However, as you can see from the information below, it can be wise to view the government’s tax brackets when making this decision. For 2020, tax brackets are as follows:
- 37% for incomes over $518,400 ($622,050 for married couples filing jointly)
- 35% for incomes over $207,350 ($414,700 for married couples filing jointly)
- 32% for incomes over $163,300 ($326,600 for married couples filing jointly)
- 24% for incomes over $85,525 ($171,050 for married couples filing jointly)
- 22% for incomes over $40,125 ($80,250 for married couples filing jointly)
- 12% for incomes over $9,875 ($19,750 for married couples filing jointly)
- The lowest rate is 10% for incomes of single individuals with incomes of $9,875 or less ($19,750 for married couples filing jointly).
Given tax rates in 2020, a single taxpayer who believes they might move from the 22% tax bracket down to the 12% tax bracket in retirement would be the most vulnerable since the tax rate differential is 10%. This person would probably much rather pay a tax rate of 12% in retirement than 22% at the current rate if they can afford to wait until those funds are available without penalty after 59½.
For 2021, the tax brackets are as follows:
- 37% for incomes over $523,600 ($628,300 for married couples filing jointly)
- 35% for incomes over $209,425 ($418,850 for married couples filing jointly)
- 32% for incomes over $164,925 ($329,850 for married couples filing jointly)
- 24% for incomes over $86,375 ($172,750 for married couples filing jointly)
- 22% for incomes over $40,525 ($81,050 for married couples filing jointly)
- 12% for incomes over $9,950 ($19,900 for married couples filing jointly)
- The lowest rate is 10% for incomes of single individuals with incomes of $9,950 or less ($19,900 for married couples filing jointly).
IRS Rules for Retirement Investing
The IRS has a variety of rules for retirement investing. Namely, limits on the amount an investor can invest in different types of retirement vehicles. The IRS’s limits on allowable retirement investments by vehicle each year can influence investing decisions. They may also lead to splitting contributions between the pre-tax and after-tax versions, providing for the best features of both accounts.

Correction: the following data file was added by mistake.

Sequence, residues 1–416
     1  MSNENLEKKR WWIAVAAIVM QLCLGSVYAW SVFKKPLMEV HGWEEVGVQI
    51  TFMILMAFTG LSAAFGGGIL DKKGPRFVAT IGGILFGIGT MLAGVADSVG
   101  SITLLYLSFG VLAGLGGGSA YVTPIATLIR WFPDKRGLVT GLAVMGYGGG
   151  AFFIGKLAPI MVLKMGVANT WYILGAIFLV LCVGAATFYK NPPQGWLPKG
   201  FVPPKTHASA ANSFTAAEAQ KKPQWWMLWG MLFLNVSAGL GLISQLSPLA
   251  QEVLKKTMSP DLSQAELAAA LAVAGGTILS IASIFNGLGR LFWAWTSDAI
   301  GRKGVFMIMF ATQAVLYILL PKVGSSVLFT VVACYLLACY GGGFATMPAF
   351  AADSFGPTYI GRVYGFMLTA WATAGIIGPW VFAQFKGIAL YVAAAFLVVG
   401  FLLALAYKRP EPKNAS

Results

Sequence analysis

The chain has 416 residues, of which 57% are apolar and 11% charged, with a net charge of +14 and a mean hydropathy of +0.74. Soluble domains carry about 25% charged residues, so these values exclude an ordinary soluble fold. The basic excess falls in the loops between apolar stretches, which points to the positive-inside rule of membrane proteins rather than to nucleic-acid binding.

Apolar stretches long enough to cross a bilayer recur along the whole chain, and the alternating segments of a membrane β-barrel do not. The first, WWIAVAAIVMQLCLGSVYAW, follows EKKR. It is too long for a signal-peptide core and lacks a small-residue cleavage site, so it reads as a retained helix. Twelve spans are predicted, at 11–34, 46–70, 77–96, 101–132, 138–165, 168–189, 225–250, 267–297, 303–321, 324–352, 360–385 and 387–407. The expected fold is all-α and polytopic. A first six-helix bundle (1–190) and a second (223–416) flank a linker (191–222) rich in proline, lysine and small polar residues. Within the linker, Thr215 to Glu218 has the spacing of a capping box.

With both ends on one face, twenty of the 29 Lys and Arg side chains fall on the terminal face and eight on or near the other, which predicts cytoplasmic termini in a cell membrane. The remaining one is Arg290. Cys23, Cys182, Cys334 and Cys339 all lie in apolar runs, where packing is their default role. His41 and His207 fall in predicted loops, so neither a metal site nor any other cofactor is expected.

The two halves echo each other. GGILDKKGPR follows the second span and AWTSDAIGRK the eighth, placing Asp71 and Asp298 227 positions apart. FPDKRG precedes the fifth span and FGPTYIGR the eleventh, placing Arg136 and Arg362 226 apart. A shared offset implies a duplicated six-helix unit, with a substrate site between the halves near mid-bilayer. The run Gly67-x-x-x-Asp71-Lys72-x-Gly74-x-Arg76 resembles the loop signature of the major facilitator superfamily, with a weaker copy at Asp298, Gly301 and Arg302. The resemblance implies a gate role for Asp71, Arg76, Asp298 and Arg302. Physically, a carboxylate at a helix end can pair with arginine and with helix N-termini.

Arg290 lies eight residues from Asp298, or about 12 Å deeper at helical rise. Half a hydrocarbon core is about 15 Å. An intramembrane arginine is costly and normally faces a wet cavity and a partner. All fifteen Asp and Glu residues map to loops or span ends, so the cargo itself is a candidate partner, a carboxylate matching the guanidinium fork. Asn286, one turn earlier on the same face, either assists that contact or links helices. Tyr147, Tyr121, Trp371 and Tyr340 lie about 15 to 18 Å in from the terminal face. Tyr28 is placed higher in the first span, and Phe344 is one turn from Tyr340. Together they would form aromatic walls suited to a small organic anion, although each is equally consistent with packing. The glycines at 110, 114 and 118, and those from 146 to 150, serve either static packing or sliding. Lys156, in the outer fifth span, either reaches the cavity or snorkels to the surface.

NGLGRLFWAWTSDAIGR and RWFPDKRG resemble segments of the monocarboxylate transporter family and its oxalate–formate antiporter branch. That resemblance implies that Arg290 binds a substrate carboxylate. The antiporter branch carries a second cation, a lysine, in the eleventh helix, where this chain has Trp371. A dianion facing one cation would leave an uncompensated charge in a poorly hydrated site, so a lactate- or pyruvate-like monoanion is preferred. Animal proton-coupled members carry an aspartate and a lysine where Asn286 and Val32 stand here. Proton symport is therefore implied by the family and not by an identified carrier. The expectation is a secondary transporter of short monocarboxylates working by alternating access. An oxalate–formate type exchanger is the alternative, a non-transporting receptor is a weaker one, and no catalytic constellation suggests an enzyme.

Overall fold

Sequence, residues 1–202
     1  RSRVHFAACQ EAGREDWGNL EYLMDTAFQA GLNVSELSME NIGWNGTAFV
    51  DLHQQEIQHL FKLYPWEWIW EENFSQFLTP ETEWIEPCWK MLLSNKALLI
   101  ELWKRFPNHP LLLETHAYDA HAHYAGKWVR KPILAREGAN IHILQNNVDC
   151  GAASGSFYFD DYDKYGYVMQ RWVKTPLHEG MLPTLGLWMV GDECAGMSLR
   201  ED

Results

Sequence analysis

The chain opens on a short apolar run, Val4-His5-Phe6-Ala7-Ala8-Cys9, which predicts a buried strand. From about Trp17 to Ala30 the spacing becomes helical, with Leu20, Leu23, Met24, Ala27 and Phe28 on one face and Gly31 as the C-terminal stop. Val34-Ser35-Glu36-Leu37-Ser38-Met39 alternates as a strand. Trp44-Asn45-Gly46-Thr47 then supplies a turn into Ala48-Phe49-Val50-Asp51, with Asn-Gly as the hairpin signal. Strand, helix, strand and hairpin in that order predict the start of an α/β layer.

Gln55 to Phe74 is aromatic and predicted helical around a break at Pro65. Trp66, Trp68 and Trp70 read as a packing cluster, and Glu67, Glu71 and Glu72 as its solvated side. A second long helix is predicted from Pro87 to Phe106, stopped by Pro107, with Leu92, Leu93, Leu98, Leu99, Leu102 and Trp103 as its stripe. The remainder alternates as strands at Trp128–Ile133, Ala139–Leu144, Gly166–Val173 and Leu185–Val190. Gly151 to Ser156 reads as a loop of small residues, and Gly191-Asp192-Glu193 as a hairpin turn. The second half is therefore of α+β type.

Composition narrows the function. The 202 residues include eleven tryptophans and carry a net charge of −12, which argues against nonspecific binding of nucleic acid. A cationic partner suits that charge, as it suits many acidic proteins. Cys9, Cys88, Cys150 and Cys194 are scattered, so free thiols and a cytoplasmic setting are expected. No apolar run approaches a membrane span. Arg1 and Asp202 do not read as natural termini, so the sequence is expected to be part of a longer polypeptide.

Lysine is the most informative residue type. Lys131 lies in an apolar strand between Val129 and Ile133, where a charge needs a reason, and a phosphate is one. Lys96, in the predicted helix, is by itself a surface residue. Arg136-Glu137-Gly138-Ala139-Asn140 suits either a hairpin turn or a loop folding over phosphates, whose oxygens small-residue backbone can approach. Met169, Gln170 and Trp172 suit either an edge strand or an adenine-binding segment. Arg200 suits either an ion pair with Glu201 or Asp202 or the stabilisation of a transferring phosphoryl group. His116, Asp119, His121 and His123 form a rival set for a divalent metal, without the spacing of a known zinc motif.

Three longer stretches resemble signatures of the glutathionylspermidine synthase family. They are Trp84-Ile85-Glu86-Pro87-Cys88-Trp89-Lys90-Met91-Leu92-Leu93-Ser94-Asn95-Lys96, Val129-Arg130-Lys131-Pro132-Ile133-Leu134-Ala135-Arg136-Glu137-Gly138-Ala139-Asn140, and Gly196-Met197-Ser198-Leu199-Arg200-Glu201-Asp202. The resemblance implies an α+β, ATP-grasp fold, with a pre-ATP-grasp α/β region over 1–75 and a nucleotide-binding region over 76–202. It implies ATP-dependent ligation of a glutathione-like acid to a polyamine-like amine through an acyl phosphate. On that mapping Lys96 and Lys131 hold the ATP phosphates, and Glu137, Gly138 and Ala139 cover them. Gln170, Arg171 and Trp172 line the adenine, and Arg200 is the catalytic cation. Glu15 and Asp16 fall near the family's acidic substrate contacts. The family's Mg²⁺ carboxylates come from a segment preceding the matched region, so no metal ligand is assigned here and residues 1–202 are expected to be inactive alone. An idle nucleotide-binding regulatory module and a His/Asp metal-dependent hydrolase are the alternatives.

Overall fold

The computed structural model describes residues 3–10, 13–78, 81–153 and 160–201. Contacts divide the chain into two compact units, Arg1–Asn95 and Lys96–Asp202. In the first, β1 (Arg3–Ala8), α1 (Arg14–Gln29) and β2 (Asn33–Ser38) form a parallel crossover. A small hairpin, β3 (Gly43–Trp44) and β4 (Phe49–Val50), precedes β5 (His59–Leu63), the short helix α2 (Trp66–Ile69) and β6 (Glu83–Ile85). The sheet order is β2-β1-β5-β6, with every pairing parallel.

For the tax year 2021, individuals can contribute $6,000 to an IRA account with a $1,000 catch-up contribution allowed for those 50 and older. This limit applies to any type of IRA account (meaning $6,000 is the maximum contribution allowed to all IRA accounts comprehensively).
A Roth option may or may not be considered an IRA depending on how it is customized by an employer. The Roth 401(k) is subject to the 401(k) investing limits, which are much higher. For the tax year 2021, employees can contribute $19,500 to a 401(k), 403(b), 457 plan, and the federal government's Thrift Savings Plan. People age 50 and above can contribute up to $6,500 more as a "catch-up contribution" for 2020.
Different Types of Roth Options
The Roth 401(k) option is one of the most popular Roth options. A Roth 401(k) is offered in more than 50% of private company 401(k) plans. Roth options can also be offered in public 403(b) plans and used by small business owners.
403(b) Roth options typically work in the same way as Roth 401(k)s. Small businesses can offer a variety of Roth options with their benefit plans, many of which may be considered Roth IRA accounts.
Small business Roth options vary more widely because of the many different options employers have, such as Simplified Employee Pension (SEP) and Savings Incentive Match Plan for Employees of Small Employers (SIMPLE) plans. Within the small business realm, self-employed workers can also potentially take advantage of Roth options through an individual Roth 401(k).